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What To Do If You’re In a Car Accident

What To Do In A Car Accident

Pull Over – If you were involved in a car crash that includes damage, personal injury, or death, North Carolina requires by law that you stop your vehicle by pulling over to the side of the road. You may temporarily leave the scene of the crash to get medical help or call a police officer; otherwise, you must remain at the scene of the crash until a police officer completes an investigation or authorizes you to leave.

Call Law Enforcement – Drivers involved in car accidents that cause property damage, personal injury, or death are required to notify the local law enforcement by the quickest means possible.

Assist Anyone Who Is Injured – Check to see if anyone involved in the crash was injured and, if someone was seriously hurt, immediately call for medical assistance.

Statements About the Accident – It is required that you provide your name, address, driver’s license number, and vehicle registration number to the driver and occupants of other vehicles involved in the crash. It is also important to cooperate with law enforcement by providing basic facts. Most importantly, you are not required to admit fault, and no one can require you to give an opinion as to the cause of the accident.

Exchange Information – Just as you are required to provide your name, address, driver’s license number, and vehicle registration number to the driver and occupants, you should request the same information from other people involved in the car accident. We suggest that you ask to see the other driver’s license. It is also advised that all parties to the car crash exchange insurance information; however, it is not required by law.

Witnesses – Try to obtain the name, telephone number, and address of any witnesses to the accident.

Take Notes – Complete an accident information sheet which you can obtain from the police at the scene of the crash. Additionally, try to take your own notes about the collision. Use your phone camera to document as many pictures as you can of the other car, the scene, and your car.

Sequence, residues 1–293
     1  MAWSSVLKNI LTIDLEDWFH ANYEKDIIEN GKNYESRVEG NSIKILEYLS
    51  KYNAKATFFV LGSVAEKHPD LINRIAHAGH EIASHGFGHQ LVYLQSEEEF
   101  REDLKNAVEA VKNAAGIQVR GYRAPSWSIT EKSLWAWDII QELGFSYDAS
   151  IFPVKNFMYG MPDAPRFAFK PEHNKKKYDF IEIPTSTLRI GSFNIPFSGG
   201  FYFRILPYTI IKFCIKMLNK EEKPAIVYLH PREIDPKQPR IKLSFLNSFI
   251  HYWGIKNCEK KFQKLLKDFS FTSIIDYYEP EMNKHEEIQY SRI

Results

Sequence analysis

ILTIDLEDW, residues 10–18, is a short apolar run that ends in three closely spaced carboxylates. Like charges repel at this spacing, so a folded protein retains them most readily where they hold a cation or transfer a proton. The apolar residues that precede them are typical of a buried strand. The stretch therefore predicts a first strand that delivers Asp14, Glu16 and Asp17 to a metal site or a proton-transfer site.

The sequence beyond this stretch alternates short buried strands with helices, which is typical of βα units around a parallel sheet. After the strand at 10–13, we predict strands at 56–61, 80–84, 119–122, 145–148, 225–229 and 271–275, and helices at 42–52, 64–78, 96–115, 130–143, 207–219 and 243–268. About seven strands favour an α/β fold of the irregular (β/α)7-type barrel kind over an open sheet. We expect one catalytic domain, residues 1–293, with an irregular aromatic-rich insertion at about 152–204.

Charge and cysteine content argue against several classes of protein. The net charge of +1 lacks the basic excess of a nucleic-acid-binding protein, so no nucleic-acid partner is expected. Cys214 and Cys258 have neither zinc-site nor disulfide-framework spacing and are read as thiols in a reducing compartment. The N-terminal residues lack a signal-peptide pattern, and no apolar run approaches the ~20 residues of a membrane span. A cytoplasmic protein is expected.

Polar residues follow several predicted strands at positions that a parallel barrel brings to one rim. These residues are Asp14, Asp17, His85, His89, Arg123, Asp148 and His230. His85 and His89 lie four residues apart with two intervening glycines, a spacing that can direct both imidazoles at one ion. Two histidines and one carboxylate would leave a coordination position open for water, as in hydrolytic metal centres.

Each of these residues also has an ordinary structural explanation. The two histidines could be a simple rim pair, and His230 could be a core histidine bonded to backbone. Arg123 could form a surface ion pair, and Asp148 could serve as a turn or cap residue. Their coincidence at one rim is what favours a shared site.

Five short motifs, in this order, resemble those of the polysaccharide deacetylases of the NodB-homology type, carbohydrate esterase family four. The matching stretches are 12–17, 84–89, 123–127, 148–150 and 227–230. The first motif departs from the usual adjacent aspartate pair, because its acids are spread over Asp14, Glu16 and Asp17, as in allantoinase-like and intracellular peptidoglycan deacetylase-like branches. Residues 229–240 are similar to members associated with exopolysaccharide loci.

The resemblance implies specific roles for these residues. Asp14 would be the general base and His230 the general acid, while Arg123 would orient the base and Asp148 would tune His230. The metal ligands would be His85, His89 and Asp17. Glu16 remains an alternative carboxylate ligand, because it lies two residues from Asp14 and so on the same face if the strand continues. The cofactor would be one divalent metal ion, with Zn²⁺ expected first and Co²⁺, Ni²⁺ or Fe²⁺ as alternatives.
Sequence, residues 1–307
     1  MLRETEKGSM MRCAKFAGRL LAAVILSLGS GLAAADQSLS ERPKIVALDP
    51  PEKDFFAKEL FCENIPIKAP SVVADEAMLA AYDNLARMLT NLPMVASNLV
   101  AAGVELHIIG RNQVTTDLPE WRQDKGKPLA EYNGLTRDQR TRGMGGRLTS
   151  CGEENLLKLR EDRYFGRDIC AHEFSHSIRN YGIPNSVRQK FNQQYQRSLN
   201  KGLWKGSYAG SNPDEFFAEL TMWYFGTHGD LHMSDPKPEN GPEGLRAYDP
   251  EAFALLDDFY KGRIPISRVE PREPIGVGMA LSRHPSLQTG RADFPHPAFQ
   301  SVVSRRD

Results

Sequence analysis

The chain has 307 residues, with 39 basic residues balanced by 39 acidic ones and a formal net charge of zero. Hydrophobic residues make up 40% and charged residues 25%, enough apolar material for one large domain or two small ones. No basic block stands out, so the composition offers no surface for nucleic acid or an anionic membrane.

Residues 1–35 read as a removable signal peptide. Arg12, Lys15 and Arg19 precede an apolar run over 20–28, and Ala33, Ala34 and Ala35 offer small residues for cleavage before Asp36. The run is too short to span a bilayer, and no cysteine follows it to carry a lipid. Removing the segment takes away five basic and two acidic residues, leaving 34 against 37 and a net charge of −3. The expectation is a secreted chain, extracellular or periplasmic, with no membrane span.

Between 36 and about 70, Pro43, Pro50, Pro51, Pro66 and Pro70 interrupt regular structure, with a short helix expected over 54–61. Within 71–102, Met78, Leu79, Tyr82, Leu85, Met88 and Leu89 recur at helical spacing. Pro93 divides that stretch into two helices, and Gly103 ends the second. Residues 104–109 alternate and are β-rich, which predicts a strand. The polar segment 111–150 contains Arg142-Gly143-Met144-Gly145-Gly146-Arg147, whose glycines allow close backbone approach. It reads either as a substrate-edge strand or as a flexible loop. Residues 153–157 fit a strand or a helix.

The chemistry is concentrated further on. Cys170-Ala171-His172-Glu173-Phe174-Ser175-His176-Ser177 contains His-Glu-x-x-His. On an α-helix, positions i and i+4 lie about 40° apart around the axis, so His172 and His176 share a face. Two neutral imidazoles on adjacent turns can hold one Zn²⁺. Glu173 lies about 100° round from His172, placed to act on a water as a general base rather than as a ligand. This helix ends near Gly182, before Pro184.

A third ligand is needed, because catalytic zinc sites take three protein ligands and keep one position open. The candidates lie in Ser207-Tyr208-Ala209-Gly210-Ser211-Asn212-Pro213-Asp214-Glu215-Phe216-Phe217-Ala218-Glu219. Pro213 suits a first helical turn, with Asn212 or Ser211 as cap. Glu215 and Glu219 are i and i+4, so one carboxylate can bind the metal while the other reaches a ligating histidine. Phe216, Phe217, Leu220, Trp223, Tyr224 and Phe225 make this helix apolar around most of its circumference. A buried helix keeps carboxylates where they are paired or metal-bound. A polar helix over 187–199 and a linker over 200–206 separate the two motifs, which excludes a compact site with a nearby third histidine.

Seek Medical Attention – Even if you do not think you were seriously injured, it’s a good idea to see a doctor. Many times injuries do not show symptoms until hours or even days after the accident.

Notify Insurance Companies – Report the accident to your insurance company, and ask about medical payments coverage. If the at-fault driver’s insurance has not taken care of the property damage, you can ask your insurance company to pay for it and seek reimbursement from the at-fault driver’s insurance company.

Keep Records Related to the Accident – Continue to keep notes about the accident, like your injuries, medical symptoms, medical and rental car expenses, and any out of pocket expenses you incurred as a result of the accident.

Strict time limits apply to claims for personal injuries. The North Carolina statute of limitations for personal injury claims is 3 years. If you have not filed a lawsuit within 3 years after the date the injuries were caused, it is likely that you will be unable to proceed with your claim.

No matter if you think it is an easy case, it is important to speak with an attorney well before the statute of limitations expires. You might have other types of claims with a shorter statute of limitations period. With a trusted legal team you will be in a stronger negotiating position if you can still file your claim in court. If you were injured in a car accident, contact the experienced personal injury attorneys at The Richardson Firm today to schedule a free initial consultation.

Our attorneys will work tirelessly to obtain the best possible outcome for you. In the courtroom, there is no replacement for experience. Call us at 910-488-5050 to schedule a consultation with one of our attorneys.